Annual Renewable Energy Outlook 2014
DescriptionRenewable energy has made strong advances in the power generation fuel mix in many developed and developing nations in the past decade. Energy-hungry nations are increasingly turning to renewables in order to meet their rapidly increasing demand. While some better established sources of renewable power, such as small hydro, biomass, wind, and increasingly solar PV (photovoltaic), are supported in a more concerted manner, niche renewable energy sources such as geothermal and concentrated solar power (CSP) are also on the rise where the natural conditions are suitable. The study focuses on hydro, wind, solar PV, CSP, biomass and waste, geothermal, and marine power globally, highlighting key trends and developments in 10 regions.
ABOUT THIS REPORT
Aims and Objectives
-To provide an analysis of the key global trends affecting the renewable energy market for power generation during the course of the current decade.
- To provide insight into growth opportunities with a full analysis of the major markets in the global energy and power sector.
- Hydro Power
- Wind Power
- Solar Photovoltaics (PV)
- Concentrated Solar Power (CSP)
- Bioenergy and Waste
- Geothermal Power
- Marine Power
The information provided includes internal estimates and forecasts based on in-house data and analyses, as well as publicly available information from external sources including the International Energy Agency (IEA), the US Energy Information Administration (EIA), BP Statistical Review of World Energy, the International Atomic Energy Agency, and national sources.
RENEWABLE ENERGY - INTRODUCTION
The past decade has witnessed significant developments in policies and markets for renewable energy. While in the early part of the past decade, less than countries worldwide had renewable support policies in place, this number has presently increased to more than XX. Systematic and concerted support for solar energy, for instance, has meant that annual installations of solar photovoltaics (PV) increased from gigawatts (GW) in 2002 to GW in 2013, an eighty-fold increase. Investments in renewables have also risen dramatically in the past decade.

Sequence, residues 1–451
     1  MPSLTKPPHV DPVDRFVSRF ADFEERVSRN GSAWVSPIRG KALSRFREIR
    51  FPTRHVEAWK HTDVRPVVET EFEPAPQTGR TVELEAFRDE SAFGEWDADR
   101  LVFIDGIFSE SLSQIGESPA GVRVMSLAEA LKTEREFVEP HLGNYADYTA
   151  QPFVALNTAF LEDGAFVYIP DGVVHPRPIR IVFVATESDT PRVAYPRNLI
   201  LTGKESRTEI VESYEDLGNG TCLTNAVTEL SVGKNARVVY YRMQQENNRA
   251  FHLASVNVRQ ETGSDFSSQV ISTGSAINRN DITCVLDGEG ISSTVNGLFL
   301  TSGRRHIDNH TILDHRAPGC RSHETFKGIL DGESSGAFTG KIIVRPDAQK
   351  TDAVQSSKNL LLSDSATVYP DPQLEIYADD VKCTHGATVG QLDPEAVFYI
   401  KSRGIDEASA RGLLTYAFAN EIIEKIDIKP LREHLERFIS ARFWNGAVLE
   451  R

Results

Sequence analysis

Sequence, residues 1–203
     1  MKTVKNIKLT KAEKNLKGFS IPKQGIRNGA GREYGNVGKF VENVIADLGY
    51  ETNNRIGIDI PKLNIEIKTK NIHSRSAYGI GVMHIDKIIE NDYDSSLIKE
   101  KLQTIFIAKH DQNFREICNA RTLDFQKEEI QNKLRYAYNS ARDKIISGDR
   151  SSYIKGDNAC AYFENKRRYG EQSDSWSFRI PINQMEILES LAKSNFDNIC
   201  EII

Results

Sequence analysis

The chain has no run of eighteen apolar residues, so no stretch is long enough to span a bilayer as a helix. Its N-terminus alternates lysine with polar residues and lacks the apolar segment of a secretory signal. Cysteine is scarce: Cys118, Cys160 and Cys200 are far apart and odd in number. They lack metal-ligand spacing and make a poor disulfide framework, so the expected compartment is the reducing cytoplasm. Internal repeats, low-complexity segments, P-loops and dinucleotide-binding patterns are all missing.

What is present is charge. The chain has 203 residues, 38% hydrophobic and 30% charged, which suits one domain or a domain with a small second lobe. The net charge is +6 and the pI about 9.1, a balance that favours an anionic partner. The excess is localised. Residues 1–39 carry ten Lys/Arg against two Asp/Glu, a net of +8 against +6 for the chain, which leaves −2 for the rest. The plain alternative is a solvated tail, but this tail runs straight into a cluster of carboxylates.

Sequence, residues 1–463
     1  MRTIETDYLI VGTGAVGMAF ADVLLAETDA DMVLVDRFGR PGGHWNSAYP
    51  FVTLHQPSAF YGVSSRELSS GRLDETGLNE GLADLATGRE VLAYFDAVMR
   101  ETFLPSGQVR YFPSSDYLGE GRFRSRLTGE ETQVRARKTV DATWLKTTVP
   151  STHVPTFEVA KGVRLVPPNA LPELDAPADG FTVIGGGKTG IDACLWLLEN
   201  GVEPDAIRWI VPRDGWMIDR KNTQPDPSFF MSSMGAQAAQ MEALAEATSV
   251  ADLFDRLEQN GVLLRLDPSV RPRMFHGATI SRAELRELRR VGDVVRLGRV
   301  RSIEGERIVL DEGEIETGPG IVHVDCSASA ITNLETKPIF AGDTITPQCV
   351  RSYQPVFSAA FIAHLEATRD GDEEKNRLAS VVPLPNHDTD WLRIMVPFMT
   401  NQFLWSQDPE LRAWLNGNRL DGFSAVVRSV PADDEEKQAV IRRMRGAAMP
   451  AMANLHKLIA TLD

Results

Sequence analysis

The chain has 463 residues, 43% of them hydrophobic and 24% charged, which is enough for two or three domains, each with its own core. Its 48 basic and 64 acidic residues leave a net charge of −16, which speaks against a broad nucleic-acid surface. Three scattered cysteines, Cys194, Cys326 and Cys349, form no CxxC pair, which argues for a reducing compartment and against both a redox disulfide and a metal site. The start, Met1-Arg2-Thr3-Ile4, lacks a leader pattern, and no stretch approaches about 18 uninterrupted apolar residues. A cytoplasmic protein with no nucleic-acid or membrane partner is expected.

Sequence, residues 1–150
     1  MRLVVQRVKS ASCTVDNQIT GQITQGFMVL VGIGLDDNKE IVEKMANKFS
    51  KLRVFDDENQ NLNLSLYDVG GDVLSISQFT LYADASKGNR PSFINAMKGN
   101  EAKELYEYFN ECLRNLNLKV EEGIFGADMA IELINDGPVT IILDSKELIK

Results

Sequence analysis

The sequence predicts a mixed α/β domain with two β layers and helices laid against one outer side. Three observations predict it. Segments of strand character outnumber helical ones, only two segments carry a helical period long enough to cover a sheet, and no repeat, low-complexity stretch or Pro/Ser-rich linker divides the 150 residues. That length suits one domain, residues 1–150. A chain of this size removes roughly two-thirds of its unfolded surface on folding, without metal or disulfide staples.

Political and financial support has played a major role in taking renewable energy to greater heights. The European Union (EU) has set binding targets to source xx% of the bloc’s total energy consumption from renewable energy sources in 2020. Individual member states’ targets range from % for Malta to xx% for Sweden. Climate and energy policies and long-term price-based instruments such as subsidies and taxes can significantly increase the penetration and innovation of renewable energy sources.
The current economic difficulties in many parts of the world have started to affect the outlook for renewable energy and the sectors that have, for some time, escaped relatively unscathed from the vagaries of global economic turmoil. Significant reductions in investment volumes were recorded in both 2012 and 2013, though some of this is due to price declines among some key technologies such as solar PV.
The economic downturn in much of the Western world has impacted support schemes, which many renewable energy installations will continue to rely upon until grid parity is achieved. On the other hand, renewable energy installations in 2013 saw the continued gradual shift in market power to emerging economies where economic growth and revised energy priorities will drive a sustained increase in the adoption of renewable energy. Urbanisation, population growth, energy security concerns, and economic development objectives are key drivers for a predicted rise in the contribution of renewable energy capacity in emerging regions such as Asia, Latin America, the Middle East, and Africa.
As a result of technological innovation and mass deployment leading to scale economies, the cost of renewable energy has declined dramatically in recent years. Overall, the cost of solar PV modules is estimated to have dropped by % between 2008 and 2013. Price declines of wind turbines have been much lower, but higher capacity factors have reduced the actual cost of wind-generated electricity, making it more competitive with fossil-fired power. Such developments, combined with the need to diversify away from a high reliance on fossil fuels, enable developing countries to accelerate the adoption of new energy sources. Concerted renewable energy strategies have been in place in countries such as China, India, and Brazil for some time, but other emerging markets are also increasingly promoting renewables in a more systematic manner.
Table of Contents1.Executive Summary
2. Scope and Coverage
3. Renewable Energy Overview
4. Hydro Power
5. Wind Power
6. Solar Photovoltaics (PV)
7. Concentrated Solar Power (CSP)
8. Bioenergy and Waste
9. Geothermal Power
10. Marine Power
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